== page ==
(Adds comments from central banker, finance minister)
MEXICO CITY, June 9 (Reuters) - Mexico’s annual inflation rate eased in May to a record low, pushed lower by summer electricity subsidies and contained by a sluggish economy, but the central bank is still expected to raise interest rates when U.S. borrowing costs move higher.
Inflation in the 12 months through May slowed to 2.88 percent, the national statistics agency said on Tuesday, below the 2.92 percent expected in a Reuters poll, and the 3.06 percent annual rate in April.
The annual rate was the lowest on record according to central bank data going back to 1970.
Speaking after the data release, central bank board member Manuel Ramos Francia told a financial conference that inflation would remain tame in Latin America’s second-biggest economy next year.
Last week, the central bank held its key interest rate at a record low of 3 percent, and said inflation would be below its 3 percent target for the rest of the year amid a sluggish economy.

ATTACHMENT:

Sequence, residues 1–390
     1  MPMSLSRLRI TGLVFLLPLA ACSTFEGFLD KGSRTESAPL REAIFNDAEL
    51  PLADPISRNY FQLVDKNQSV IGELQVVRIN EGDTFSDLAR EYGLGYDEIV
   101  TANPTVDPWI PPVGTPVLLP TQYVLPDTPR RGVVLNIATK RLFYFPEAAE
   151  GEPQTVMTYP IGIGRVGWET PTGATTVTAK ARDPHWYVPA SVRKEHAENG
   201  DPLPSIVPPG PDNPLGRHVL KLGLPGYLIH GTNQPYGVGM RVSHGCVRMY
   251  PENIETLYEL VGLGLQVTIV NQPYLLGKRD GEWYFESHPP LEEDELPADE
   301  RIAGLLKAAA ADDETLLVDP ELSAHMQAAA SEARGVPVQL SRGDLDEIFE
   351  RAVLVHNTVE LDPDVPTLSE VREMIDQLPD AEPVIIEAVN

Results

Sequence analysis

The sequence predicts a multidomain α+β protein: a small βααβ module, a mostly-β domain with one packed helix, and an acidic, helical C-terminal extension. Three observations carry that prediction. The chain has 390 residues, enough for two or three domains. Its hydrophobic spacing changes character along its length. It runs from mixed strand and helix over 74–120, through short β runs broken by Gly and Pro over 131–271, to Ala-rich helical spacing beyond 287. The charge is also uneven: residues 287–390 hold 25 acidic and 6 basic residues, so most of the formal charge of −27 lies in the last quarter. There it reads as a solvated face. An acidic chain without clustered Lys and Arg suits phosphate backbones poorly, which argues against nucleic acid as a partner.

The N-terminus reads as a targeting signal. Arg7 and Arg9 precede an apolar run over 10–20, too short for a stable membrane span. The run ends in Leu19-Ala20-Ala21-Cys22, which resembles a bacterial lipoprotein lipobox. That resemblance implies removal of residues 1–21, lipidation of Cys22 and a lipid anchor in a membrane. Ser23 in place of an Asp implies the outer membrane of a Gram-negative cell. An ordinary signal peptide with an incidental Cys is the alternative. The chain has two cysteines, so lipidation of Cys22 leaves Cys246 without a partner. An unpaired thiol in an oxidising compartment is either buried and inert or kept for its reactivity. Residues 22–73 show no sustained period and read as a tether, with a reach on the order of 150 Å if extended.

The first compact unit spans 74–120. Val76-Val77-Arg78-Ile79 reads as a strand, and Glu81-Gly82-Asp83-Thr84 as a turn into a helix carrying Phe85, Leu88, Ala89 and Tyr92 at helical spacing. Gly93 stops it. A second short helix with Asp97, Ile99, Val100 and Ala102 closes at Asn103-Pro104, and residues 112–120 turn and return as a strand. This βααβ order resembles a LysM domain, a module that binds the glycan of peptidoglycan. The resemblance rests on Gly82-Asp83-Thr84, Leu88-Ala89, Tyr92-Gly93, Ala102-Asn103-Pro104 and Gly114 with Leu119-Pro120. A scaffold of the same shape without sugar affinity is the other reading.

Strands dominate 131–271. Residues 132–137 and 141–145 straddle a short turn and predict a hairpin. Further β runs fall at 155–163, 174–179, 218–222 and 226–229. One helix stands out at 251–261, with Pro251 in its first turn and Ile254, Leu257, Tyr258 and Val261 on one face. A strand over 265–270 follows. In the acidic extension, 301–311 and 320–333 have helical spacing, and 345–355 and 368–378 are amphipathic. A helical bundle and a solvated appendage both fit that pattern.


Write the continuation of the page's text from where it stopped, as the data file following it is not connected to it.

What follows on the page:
Analysts said the data showed there was no sign of wider price pressures from a sharp slump in the peso currency, underpinning bets that Mexico’s central bank will wait to hike rates until after the Fed moves.
The peso hit a record low last week after strong U.S. jobs data backed expectations that the U.S. Federal Reserve will begin raising interest rates later this year and prompt investors to dump risky emerging market assets.
Mexican Finance Minister Luis Videgaray said on Tuesday at the same event that Mexico was well positioned to withstand the shock of higher U.S. rates given that it’s economy is growing faster than other emerging-market peers and has relatively low debt levels.
He said that authorities were prepared to use the central bank’s reserves, more than $190 billion, to ensure an orderly operation of the peso market.
“We have sufficient liquidity to guarantee the ordered working of the exchange market, even in moments of high volatility that could result above all from the adjustment of U.S. monetary policy,” Videgaray said.
Mexico’s central bank avoids directly intervening in the market, but the country’s exchange commission has activated two different dollar auction programs to suport the peso.
Tuesday’s data showed consumer prices fell 0.50 percent in May from April on lower electricity costs as well as lower egg and tomato prices.
Core inflation, which strips out some volatile food and energy costs, rose 0.12 percent. Both were just below expectations in the Reuters poll. (Reporting by Michael O‘Boyle and Noe Torres; Editing by W Simon and Alan Crosby)